Uganda Supreme Court reasserts constitutional right to protection from deprivation of property - UNRA vs. Irumba Asumani & Peter Magelah

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Uganda Supreme Court reasserts constitutional right to protection from deprivation of property - UNRA vs. Irumba Asumani & Peter Magelah

Written: 12 Dec 2015
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Categorised under: Legal Alerts, Supreme Court

Uganda National Roads Authority Vs. Irumba Asumani & Peter Magelah, Supreme Court Constitutional Appeal No.2 of 2014

The Supreme Court has confirmed the sanctity of property rights under the Constitution.

Article 26 of the Constitution on freedom from deprivation of property provides for prompt payment of fair and adequate compensation prior to the State’s compulsory acquisition of any property. The Court ruled that the Land Acquisition Act (Cap 226) is unconstitutional in so far as it provided for the compulsory acquisition of property before the payment of compensation to the owner.

Background

The Government of Uganda commissioned a project to upgrade the Hoima-Kaiso-Tonya road, leading to Uganda’s oil fields in the Albertine Graben. Acting under the Land Acquisition Act, the Government compulsorily acquired the project land and the Uganda National Roads Authority (“UNRA”) took possession before payment of compensation to the owners.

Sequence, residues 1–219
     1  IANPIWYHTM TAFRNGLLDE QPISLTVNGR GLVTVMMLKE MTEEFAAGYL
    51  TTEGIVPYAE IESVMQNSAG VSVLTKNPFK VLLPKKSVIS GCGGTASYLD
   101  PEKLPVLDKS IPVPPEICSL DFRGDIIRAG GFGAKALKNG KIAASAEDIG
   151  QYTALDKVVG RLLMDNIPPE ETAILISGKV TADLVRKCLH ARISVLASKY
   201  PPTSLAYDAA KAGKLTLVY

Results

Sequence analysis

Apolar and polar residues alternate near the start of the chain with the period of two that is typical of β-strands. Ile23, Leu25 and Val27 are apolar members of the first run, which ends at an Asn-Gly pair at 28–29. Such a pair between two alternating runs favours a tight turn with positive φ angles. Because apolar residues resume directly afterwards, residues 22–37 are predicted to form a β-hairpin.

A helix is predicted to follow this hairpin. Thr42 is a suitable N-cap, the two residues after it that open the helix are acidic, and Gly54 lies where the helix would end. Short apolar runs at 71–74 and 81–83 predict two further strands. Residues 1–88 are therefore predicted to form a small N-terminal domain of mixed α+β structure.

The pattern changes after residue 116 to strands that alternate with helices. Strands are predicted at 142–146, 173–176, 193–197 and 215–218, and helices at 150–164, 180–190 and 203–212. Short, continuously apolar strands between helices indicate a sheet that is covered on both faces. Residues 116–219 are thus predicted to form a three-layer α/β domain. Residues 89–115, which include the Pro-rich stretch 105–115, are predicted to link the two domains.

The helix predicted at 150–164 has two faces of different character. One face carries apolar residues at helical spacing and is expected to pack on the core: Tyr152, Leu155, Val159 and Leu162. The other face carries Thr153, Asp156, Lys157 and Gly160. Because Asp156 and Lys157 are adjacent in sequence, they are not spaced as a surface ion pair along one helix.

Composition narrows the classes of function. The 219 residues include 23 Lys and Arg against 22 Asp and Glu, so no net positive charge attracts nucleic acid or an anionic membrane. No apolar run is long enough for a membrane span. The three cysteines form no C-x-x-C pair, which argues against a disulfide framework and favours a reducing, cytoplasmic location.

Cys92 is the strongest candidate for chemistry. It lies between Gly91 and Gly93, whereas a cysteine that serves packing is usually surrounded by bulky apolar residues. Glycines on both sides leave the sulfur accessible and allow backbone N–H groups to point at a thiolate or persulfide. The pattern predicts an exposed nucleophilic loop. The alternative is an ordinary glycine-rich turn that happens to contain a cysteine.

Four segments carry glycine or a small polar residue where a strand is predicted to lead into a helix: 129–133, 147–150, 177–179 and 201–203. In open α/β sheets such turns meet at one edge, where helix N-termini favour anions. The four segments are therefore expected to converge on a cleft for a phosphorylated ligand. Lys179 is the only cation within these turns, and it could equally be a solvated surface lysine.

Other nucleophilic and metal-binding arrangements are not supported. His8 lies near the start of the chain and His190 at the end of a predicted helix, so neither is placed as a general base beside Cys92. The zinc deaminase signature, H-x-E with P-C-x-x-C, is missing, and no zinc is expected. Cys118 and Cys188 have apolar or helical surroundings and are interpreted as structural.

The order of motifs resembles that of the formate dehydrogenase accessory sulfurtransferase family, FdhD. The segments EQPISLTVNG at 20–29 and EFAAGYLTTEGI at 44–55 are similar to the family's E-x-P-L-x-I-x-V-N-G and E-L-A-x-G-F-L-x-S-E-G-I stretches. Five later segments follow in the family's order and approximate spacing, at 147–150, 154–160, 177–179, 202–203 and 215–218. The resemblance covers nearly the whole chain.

The respondents challenged the constitutionality of the Land Acquisition Act that permitted the Government to compulsorily acquire land before payment of compensation. Under Article 26(2) of the Constitution, no person can be compulsorily deprived of property without prompt payment of fair and adequate compensation prior to the taking of possession or acquisition of the property.

The Constitutional Court found the Land Acquisition Act unconstitutional to the extent of its inconsistency with Article 26(2) of the Constitution in so far as it did not provide for the prompt payment of fair and adequate compensation prior to the taking of possession or acquisition of any property by the State.

UNRA appealed to the Supreme Court and sought to argue, among others, that Article 26 was not a non-derogable right and that in certain circumstances, the State would be entitled to compulsorily acquire property before payment of compensation for instance in situations of natural disasters, emergencies or in the interest of public good.

The Supreme Court Decision

The Supreme Court upheld the Constitutional Court decision that the Land Acquisition Act was inconsistent with Article 26 of the Constitution and therefore unconstitutional. The Supreme Court held further that whereas Article 26 was not among the non-derogable rights, this does not give powers to Government to compulsorily acquire people’s land without prior payment, and that such planned Government projects do not fall under the exceptions of disasters and emergences.

Relevance

This decision could not have come at a better time, following the passing of the Public Private Partnerships Act 2015 and what may well be a boom in Uganda’s infrastructure development. For property owners, developers and lenders taking security on property, the Supreme Court confirmation on property rights is good news.